Sweet Potato Pie

I made sweet potato pie.  I followed the recipe from the first google hit for "sweet potato pie," with some alterations.

Is this worth writing about?

I made some very broad statements in the last post, as I'm wont to do.  While I was making the crust for the pie, I kept having to look back at the recipe I adapted from Helen Rennie to remember quantities.  Despite making pastry dough many times, I needed that recipe.  Or at least I needed its list of quantities.  The recipe is not disposable.  It's a kind of helper--somewhere to defer my memory.  It's an instance of a cliche of how the internet has changed the nature of knowledge: it's not so important if one remembers everything, so long as one knows where to look.  In the case of recipes however, the internet is not necessary at all--encyclopedic cookbooks have been serving as cyborg extensions of memory for a long time.

So I don't need to know how to make pastry dough.  I wrote it here in this blog.  The blog remembers how.  To return to my question, is this worth writing, let's compare this to my diaries.  I have boxes and boxes of diaries.  Most of them I have read at least twice.  Reading them is at once familiar and surprising--on the one hand, reading them triggers memories and I might also recall writing what I wrote, on the other, I had, up until reading it, forgotten much if not all of what I wrote.  One is almost always remembering in one way or another, but there is obviously nothing cumulative about it.  Reading a diary doesn't add to a collection of things I remember, but puts me in a different stream of remembering.  Through reading the diary some memories come to life again--I think about them again briefly, they might crop up over and over for a long time.  In other words, the diary must be read, and reading happens in time.  Having "saved" (the anxiety of losing memories drove much of my diary writing) these memories in a diary, only in the unread text of the diary might they be saved.  Only without a reader might the text be said to exist as a totality.  But not really, of course--it isn't anything without being read, is it?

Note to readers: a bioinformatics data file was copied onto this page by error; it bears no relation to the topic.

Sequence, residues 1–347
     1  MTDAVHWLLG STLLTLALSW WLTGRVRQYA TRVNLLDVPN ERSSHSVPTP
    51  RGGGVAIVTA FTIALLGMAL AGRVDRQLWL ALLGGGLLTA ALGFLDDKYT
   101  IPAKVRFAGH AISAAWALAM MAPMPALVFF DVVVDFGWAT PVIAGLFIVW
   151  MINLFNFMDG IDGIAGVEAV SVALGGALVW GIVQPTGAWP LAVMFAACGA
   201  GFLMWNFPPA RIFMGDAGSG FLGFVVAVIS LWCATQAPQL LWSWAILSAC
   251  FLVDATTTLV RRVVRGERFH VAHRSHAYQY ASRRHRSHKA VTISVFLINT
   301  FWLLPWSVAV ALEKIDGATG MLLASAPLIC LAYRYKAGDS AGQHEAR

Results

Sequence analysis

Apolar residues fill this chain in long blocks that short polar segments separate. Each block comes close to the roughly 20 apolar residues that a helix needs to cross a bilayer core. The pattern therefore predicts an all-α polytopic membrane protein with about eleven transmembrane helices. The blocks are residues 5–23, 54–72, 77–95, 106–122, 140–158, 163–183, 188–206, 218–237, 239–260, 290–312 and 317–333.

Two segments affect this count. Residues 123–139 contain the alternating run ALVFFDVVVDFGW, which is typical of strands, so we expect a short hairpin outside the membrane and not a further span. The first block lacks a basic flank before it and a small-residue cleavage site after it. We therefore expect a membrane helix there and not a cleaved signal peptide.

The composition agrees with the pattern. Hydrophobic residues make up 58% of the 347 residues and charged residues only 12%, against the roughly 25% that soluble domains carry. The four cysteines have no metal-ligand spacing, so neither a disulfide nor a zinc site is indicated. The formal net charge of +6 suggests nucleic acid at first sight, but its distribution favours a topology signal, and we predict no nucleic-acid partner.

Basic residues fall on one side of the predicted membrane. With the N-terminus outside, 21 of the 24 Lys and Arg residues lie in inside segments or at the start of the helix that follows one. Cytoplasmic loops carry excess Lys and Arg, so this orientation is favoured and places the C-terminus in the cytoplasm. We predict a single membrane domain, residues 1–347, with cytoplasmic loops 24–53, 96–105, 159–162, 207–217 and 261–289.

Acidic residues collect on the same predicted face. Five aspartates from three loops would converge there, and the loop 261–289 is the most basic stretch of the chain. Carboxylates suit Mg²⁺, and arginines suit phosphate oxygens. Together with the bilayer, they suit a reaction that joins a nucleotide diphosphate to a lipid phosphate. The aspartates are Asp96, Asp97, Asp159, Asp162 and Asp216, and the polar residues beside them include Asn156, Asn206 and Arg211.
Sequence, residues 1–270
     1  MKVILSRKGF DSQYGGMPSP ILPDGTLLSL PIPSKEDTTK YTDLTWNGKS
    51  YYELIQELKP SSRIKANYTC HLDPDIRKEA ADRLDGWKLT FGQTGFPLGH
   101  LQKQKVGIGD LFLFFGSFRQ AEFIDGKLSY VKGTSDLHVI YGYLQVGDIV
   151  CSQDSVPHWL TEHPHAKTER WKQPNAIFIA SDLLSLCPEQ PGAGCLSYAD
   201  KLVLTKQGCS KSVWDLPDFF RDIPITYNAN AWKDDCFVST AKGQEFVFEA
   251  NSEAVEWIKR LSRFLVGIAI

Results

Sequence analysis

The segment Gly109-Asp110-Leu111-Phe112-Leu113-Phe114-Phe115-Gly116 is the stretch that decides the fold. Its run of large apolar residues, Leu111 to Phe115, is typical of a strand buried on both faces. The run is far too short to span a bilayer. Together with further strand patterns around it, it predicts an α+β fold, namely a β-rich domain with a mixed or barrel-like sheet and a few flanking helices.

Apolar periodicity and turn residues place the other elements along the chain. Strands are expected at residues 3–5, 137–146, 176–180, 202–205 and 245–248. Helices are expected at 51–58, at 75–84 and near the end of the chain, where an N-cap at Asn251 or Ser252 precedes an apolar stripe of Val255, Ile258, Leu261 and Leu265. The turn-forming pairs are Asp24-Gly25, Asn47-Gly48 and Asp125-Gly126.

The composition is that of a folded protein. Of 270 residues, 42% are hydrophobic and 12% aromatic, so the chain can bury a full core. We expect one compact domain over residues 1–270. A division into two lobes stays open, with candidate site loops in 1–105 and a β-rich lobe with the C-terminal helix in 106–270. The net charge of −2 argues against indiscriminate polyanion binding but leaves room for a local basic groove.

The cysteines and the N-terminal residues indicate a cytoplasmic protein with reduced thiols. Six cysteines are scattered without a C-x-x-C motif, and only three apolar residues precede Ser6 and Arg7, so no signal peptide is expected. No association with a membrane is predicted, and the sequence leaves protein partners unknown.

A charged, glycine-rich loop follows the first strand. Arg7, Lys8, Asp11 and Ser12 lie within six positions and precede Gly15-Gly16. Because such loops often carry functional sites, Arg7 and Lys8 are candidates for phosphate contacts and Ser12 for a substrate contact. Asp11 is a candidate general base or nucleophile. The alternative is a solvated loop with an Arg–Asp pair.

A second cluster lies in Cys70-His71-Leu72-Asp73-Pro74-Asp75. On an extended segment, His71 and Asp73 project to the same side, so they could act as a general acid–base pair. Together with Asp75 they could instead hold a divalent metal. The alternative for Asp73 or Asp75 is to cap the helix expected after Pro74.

But this blog is not a diary.  I'm not trying to record the ephemera of experience here.  A recipe is simply supposed to record a procedure in a way that's followable.  Actually this isn't so simple, as I've discussed before.  And thankfully.  Wouldn't it be awfully dull if even just a recipe could be written in the universal register?  This suggests another purpose for a recipe: to not be quite followable.  Not that a recipe writer has to try to do this, but a recipe's potential to confuse, mystify, or unintentionally inspire might be valued.  Because apparently I need to subject recipes to the literary theories of decades ago.

The pie was good.  The crust I thought was a bit too hard, although someone else liked it, called it "crunchy."  I prebaked the crust for fifteen minutes or so before filling it, using the sweet potato pieces in tinfoil as a weight to keep the crust from puffing up.  Improvising a weight was the most enjoyable part.  Next time however I'll just fill the unbaked crust, so that the crust turns out softer.

20 November 2010